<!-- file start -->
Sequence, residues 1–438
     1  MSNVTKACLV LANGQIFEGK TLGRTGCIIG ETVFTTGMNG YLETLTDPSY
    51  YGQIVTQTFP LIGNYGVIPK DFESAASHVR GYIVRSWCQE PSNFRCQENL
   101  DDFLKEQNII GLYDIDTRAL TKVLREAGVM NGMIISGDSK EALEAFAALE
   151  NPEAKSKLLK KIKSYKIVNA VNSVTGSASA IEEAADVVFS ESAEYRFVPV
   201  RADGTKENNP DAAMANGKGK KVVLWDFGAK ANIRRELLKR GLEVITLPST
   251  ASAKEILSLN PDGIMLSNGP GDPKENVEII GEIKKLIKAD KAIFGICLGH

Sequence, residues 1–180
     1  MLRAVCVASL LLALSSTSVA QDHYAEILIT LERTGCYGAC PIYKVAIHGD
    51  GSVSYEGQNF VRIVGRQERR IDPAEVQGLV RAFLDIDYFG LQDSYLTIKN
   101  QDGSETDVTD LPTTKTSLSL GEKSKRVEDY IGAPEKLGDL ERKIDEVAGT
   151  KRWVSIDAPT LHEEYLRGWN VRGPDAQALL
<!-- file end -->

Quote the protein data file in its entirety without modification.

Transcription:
Sequence, residues 1–438
     1  MSNVTKACLV LANGQIFEGK TLGRTGCIIG ETVFTTGMNG YLETLTDPSY
    51  YGQIVTQTFP LIGNYGVIPK DFESAASHVR GYIVRSWCQE PSNFRCQENL
   101  DDFLKEQNII GLYDIDTRAL TKVLREAGVM NGMIISGDSK EALEAFAALE
   151  NPEAKSKLLK KIKSYKIVNA VNSVTGSASA IEEAADVVFS ESAEYRFVPV
   201  RADGTKENNP DAAMANGKGK KVVLWDFGAK ANIRRELLKR GLEVITLPST
   251  ASAKEILSLN PDGIMLSNGP GDPKENVEII GEIKKLIKAD KAIFGICLGH

Sequence, residues 1–180
     1  MLRAVCVASL LLALSSTSVA QDHYAEILIT LERTGCYGAC PIYKVAIHGD
    51  GSVSYEGQNF VRIVGRQERR IDPAEVQGLV RAFLDIDYFG LQDSYLTIKN
   101  QDGSETDVTD LPTTKTSLSL GEKSKRVEDY IGAPEKLGDL ERKIDEVAGT
   151  KRWVSIDAPT LHEEYLRGWN VRGPDAQALL